Paleontology

Animals that Survived the Ice Age



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The Ice Age lasted around one hundred thousand years from about 110,000 to 10,000 years ago. The ice grew and retreated over this time but the largest extent of ice glaciers was around 18,000 years ago. The ice covered most of the northern hemisphere and some ice even got into the southern hemisphere. There were huge ice sheets covering North America, Eurasia, and Antarctica, most of Canada, New Zealand and Tasmania, as well as huge ice caps on all the world’s mountains.

Many animals could not adapt to the freezing conditions and died out, but amazingly, many others did adapt and survive. Some of them still live on Earth today. Some evolved into modern animals. Other animals took evasive action avoiding the worst excesses of the Ice Age, and these animals are the same today as they were then.

One animal that survived the Ice Age is, the one we never count, the human animal; Neanderthal man survived the Ice Age. Heidelbergensis evolved physical adaptations to cold and became Neanderthal man. The tall physique of Heidelbergensis became the Neanderthal’s shorter, stockier body, which was ideal for conserving heat. Neanderthals also became very muscular to cope with the rigours of living in the Ice Age. Neanderthal children grew faster than modern children do; an eight-year-old Neanderthal child was as developed as a twelve-year-old homosapien is. Experiments at Loughborough University show that the Neanderthal shape was better adapted at dealing with cold than the shape of modern humans. Neanderthals were skilled hunters, and omnivores and those animals that survived the Ice Age tended to be those who could eat a wide range of foods.

Some animals changed other attributes to survive the Ice Age. Some animals, such as mammoths and mastodons developed changes in their teeth in order to eat different kinds of vegetation. These were also very large animals, and their sheer size helped them to retain heat and animals such as mammoths grew long thick oily coats. Mammoths’ ears and tails shrunk. Scientists recently discovered [1] that mammoths’ blood also changed during the Ice Age. Their haemoglobin, the protein in red blood cells that delivers oxygen to the tissues, evolved to release oxygen more easily in the cold. It is possible that other animals made similar adaptations to help them live in the cold. The mammoth’s closest living relative is the Asian elephant and they do not have this adaptation. It is likely that other large mammals may have adapted similarly. Other creatures may also have adapted their bodies to cope with the Ice Age. There is an Antarctic fish called chionodraco hamatus, which has a kind of natural antifreeze in its blood.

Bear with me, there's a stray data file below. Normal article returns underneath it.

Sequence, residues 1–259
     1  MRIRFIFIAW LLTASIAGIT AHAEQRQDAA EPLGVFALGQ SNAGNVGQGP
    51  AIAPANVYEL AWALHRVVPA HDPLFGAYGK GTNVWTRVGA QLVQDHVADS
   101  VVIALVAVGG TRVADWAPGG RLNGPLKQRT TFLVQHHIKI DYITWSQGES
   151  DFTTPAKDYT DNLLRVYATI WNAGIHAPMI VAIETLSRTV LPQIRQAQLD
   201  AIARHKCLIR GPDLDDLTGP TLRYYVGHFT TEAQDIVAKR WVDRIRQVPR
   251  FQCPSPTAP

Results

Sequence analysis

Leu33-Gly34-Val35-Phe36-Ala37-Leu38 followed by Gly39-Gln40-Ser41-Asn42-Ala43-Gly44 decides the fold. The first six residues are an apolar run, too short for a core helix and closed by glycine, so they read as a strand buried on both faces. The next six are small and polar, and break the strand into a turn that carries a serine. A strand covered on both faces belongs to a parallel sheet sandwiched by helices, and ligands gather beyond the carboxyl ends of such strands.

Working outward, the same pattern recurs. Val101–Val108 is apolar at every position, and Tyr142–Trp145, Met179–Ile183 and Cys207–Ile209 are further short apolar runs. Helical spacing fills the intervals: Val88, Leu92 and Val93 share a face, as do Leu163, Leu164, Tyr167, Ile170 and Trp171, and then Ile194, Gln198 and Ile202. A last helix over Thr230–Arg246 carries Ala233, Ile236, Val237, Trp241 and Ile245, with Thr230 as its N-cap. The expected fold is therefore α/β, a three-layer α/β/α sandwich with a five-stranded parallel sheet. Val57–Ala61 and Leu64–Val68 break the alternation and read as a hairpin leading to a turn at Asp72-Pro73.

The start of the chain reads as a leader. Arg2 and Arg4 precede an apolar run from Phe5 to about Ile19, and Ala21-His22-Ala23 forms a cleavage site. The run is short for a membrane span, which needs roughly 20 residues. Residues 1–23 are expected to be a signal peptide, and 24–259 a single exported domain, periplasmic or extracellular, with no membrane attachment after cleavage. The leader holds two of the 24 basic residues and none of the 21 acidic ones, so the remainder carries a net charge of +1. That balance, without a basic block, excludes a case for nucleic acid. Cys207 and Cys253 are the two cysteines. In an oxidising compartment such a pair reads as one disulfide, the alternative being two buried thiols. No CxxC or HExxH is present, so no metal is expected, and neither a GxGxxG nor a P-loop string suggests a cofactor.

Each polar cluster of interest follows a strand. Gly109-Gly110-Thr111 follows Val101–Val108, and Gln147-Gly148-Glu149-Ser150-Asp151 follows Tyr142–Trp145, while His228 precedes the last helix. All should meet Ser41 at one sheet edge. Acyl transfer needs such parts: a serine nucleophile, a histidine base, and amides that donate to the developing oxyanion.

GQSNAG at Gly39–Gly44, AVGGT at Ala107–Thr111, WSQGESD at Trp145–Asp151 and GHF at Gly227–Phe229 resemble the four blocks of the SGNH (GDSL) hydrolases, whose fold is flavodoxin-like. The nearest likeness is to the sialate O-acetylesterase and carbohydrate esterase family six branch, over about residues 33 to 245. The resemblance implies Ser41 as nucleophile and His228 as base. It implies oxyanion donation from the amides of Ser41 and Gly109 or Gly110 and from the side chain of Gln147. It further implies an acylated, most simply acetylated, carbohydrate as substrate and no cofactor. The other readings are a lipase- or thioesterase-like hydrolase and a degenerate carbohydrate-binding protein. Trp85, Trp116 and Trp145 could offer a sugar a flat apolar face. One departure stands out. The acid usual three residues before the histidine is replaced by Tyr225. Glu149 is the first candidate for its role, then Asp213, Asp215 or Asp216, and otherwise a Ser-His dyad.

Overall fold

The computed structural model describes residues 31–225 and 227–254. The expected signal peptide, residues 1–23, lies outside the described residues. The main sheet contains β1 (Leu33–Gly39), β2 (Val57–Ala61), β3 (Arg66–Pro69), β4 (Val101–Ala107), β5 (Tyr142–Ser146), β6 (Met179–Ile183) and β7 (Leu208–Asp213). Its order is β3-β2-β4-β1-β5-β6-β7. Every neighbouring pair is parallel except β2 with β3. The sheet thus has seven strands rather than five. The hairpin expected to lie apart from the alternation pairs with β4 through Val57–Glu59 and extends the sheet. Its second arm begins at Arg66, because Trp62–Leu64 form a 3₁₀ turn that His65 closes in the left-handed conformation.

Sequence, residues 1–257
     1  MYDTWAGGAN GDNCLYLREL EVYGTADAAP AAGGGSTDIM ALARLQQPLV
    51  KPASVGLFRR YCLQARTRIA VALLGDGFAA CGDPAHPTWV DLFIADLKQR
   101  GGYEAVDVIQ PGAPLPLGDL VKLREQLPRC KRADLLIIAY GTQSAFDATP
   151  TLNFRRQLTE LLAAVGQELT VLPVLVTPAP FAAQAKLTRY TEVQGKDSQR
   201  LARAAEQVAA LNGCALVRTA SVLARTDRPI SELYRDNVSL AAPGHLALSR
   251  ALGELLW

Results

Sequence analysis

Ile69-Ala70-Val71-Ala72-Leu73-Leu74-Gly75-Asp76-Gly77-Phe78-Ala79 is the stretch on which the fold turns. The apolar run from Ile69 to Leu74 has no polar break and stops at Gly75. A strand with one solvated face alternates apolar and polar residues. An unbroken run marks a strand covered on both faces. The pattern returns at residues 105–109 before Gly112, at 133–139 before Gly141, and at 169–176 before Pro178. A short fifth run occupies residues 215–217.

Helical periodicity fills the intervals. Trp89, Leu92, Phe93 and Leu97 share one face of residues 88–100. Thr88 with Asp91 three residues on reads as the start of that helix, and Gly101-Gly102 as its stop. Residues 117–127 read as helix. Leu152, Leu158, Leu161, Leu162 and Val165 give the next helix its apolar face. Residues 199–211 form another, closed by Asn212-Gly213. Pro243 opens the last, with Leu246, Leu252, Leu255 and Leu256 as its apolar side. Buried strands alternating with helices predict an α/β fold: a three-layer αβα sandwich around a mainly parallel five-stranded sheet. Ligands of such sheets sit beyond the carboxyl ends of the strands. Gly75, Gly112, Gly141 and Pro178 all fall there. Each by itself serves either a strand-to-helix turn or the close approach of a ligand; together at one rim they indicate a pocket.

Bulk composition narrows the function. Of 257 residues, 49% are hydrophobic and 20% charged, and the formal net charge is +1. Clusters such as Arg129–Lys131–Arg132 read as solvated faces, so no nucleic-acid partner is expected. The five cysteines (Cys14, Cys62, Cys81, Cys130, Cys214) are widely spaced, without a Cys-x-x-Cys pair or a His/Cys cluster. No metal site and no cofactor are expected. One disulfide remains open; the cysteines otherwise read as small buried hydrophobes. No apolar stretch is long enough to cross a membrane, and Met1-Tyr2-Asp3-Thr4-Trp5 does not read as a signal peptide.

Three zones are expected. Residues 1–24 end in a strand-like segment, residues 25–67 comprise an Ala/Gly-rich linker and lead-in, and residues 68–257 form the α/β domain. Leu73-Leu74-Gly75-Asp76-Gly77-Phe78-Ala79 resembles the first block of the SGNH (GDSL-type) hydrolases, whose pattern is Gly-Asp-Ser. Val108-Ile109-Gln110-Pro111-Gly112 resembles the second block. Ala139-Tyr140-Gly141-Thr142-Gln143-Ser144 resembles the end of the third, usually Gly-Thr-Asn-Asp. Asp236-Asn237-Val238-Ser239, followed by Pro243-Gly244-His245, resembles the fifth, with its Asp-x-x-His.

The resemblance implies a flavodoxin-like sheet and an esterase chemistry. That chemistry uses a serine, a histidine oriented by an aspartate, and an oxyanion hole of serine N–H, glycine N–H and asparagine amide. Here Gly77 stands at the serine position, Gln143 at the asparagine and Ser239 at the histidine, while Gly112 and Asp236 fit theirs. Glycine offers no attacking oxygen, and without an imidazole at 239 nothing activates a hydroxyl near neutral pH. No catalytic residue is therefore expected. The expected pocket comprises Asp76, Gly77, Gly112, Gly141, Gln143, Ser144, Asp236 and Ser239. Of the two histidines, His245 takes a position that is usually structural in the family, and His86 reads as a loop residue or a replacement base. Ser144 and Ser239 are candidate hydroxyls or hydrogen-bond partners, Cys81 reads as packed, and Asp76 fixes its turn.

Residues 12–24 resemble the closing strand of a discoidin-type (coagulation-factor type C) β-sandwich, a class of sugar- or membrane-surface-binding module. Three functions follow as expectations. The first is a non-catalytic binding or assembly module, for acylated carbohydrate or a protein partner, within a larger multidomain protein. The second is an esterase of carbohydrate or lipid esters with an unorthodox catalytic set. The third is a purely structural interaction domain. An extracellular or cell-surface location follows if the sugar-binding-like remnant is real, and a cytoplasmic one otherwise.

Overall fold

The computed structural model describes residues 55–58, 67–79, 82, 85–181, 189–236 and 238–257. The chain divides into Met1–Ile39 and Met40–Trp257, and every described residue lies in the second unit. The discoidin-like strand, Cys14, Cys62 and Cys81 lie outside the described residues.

Some animals coped by moving south, for example, the Jaguar moved down from the southern United States into Mexico and Central America. Crocodiles are remnants of the dinosaur age and lived through the Ice Age because they lived in the warmer climates near to the equator. Polar, grizzly and brown bears all survived the Ice Age, as did musk ox, red deer, reindeer, bison. The Arctic hare and Arctic fox are also, unsurprisingly, remnants from the Ice Age. Small mammals such as muskrats, raccoons, stoats, opossum, and flying and fox squirrels also lived through the Ice Age.

Some of the tiniest creatures also survived - insects, dragonflies and spiders. Spiders are very interesting because they can alter their whole metabolism to ensure their survival in all kinds of extreme conditions. In Greenland today, there are 320 species of native insects, including several butterflies, which shows that even the tiniest creatures can adapt to extreme cold.

In the oceans, many creatures survived the Ice Age - sponges, corals, starfish, clams, sharks, turtles and the coelacanth. Many familiar birds, such as bald and golden eagles, black vultures and some woodpeckers also flew in Ice Age skies. 

A surprising number of familiar species survived the Ice Age. Others like the wooly mammoth and the Neanderthal adapted well to the Ice Age, but they could not adapt to the earth’s warming afterwards. Animals survived the Ice Age by various means; some ran from the cold and some adapted to survive.

Source:

[1] Published in the journal “Nature Genetics”

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